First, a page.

And on the other hand, as shown by the survey administered to all Dialogue participants, a very substantial majority of the Israeli participants (90%) felt that “concern for world Jewry is a very important part of my Jewishness.” A very strong majority of the non-Israeli participants (88%), for their part, felt that “concern for Israel is a very important part of my Jewishness.” That is, an adherence to the idea of mutual Jewish responsibility, with its tacit assumption that Jews do not merely share a religious faith but also belong to the same people, also exists among young Jews. Accordingly, only a handful of Israeli and non-Israeli Dialogue participants agreed with the statement: “There is no need for a special relationship between Israel and the Diaspora.” Of the Israelis, only 2% “somewhat” agreed with this statement, versus 97% who disagreed (34% “somewhat” and 63% “strongly [completely]”). The data for the non-Israelis were very similar: 4% agreed (strongly or somewhat), while 96% disagreed (21% somewhat, 75% strongly). “The relationship with Israel is one of the basic elements of American Jewish identity,” said a young participant from Northeastern University in Boston. 91% of the American Dialogue participants said that “concern for Israel is a very important part of my Jewishness” (for the younger American participants, those under age 30, the figure was 82%).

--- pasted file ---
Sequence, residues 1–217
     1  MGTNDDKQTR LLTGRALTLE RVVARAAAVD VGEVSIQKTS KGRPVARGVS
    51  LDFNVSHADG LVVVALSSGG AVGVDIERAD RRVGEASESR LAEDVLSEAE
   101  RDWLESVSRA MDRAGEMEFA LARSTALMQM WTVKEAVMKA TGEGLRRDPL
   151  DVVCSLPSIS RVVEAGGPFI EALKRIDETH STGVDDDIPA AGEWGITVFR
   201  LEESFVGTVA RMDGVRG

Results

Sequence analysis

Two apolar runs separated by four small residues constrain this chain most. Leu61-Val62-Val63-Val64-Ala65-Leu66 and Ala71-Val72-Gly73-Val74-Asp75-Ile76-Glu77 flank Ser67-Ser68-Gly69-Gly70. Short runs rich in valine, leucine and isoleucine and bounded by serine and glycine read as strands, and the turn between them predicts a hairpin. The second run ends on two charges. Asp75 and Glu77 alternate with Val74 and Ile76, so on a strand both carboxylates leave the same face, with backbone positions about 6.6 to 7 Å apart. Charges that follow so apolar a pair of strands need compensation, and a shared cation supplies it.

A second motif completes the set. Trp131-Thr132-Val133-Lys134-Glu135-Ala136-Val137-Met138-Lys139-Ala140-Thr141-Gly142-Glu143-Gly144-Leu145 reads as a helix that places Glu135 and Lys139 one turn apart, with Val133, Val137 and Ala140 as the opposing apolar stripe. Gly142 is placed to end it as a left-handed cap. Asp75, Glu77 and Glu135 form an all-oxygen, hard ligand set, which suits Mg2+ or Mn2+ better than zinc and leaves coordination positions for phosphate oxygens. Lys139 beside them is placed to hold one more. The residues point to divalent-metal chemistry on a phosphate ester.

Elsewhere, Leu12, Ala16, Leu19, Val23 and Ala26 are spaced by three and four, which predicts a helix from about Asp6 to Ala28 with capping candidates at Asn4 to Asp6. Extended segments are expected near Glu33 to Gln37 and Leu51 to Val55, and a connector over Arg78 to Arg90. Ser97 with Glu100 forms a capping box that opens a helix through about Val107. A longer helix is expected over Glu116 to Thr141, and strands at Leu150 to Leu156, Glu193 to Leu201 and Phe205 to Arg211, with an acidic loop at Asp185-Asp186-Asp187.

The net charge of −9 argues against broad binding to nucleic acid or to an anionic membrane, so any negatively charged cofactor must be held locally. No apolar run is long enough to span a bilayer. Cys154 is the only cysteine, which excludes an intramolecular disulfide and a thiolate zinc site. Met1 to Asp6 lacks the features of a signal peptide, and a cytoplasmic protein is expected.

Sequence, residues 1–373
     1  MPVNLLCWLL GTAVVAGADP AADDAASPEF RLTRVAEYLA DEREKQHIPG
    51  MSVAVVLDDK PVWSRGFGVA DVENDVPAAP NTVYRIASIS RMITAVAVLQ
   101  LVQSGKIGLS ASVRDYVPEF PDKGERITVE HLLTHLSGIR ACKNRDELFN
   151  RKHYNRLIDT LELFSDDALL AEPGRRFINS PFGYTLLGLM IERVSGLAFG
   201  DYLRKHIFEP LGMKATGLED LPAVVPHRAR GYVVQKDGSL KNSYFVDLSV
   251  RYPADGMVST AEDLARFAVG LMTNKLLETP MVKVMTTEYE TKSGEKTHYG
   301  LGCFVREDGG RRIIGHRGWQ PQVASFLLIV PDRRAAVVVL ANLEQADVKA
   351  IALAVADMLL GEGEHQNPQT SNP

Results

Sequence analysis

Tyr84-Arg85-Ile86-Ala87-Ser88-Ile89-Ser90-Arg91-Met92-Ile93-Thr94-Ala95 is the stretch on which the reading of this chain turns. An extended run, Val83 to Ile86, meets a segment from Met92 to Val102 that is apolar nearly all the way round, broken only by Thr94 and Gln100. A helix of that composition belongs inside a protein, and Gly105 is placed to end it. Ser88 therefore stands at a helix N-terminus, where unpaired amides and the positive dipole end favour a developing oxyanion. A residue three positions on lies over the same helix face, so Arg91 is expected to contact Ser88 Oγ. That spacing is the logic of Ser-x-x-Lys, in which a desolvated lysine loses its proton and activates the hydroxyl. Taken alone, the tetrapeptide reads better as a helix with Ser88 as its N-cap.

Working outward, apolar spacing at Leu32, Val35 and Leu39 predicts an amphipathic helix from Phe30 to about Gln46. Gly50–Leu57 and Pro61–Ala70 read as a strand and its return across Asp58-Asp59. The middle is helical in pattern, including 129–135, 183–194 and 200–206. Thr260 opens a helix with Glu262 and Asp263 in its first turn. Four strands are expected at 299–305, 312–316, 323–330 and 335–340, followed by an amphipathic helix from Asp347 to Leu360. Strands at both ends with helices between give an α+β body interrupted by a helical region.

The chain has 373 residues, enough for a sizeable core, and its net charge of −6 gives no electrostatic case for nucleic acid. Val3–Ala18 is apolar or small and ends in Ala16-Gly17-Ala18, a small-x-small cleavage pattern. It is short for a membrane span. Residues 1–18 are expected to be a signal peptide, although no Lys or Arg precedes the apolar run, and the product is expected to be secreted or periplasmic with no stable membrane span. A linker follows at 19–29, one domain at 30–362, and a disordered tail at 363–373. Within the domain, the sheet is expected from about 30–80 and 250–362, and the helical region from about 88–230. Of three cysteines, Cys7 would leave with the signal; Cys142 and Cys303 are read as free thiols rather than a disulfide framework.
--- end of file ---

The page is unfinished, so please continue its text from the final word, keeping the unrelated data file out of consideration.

This data are not a one-off phenomenon rooted in the specific character of the Dialogue participants – which does not represent the entire Jewish world but tends, rather, to focus on Jews who hold leadership positions or are more engaged than others in organized community life (see the Appendix for information on the participant profile, participant opinions, and the difference between the participant population and the general Jewish population). The Dialogue findings, at least in this regard, accord with earlier, similar findings produced by a wide variety of studies in Israel and the broader Jewish world – outcomes that we will be discussing in the coming chapters. That is, even in a situation where the relationship is changing, and to some degree deteriorating, a mutual desire to maintain close relations within the Jewish world is still in evidence. “The question of whether there is a need for a good relationship between Israel and the Diaspora is a strange one in my view,” said a Dialogue participant in Wilmington, Delaware. In his view, the need for such relations is clear – the only question is how to achieve or maintain them, and what exactly would constitute, for both communities, a “good” relationship.